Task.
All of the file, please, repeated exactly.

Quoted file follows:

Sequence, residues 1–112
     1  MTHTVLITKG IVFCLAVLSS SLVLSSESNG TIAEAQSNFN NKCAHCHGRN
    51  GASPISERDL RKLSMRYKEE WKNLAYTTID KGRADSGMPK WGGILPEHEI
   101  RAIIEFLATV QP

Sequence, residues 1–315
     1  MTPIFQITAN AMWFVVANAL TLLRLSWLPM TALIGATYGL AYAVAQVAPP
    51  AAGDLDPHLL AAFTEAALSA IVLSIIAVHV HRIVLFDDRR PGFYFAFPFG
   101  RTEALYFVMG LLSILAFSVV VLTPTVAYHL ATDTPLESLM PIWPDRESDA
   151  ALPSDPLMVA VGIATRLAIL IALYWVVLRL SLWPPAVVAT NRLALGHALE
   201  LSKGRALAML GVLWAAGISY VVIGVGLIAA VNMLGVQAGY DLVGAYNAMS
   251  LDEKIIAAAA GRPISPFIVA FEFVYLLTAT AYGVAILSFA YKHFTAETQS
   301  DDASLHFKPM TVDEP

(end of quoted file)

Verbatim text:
Sequence, residues 1–112
     1  MTHTVLITKG IVFCLAVLSS SLVLSSESNG TIAEAQSNFN NKCAHCHGRN
    51  GASPISERDL RKLSMRYKEE WKNLAYTTID KGRADSGMPK WGGILPEHEI
   101  RAIIEFLATV QP

Sequence, residues 1–315
     1  MTPIFQITAN AMWFVVANAL TLLRLSWLPM TALIGATYGL AYAVAQVAPP
    51  AAGDLDPHLL AAFTEAALSA IVLSIIAVHV HRIVLFDDRR PGFYFAFPFG
   101  RTEALYFVMG LLSILAFSVV VLTPTVAYHL ATDTPLESLM PIWPDRESDA
   151  ALPSDPLMVA VGIATRLAIL IALYWVVLRL SLWPPAVVAT NRLALGHALE
   201  LSKGRALAML GVLWAAGISY VVIGVGLIAA VNMLGVQAGY DLVGAYNAMS
   251  LDEKIIAAAA GRPISPFIVA FEFVYLLTAT AYGVAILSFA YKHFTAETQS
   301  DDASLHFKPM TVDEP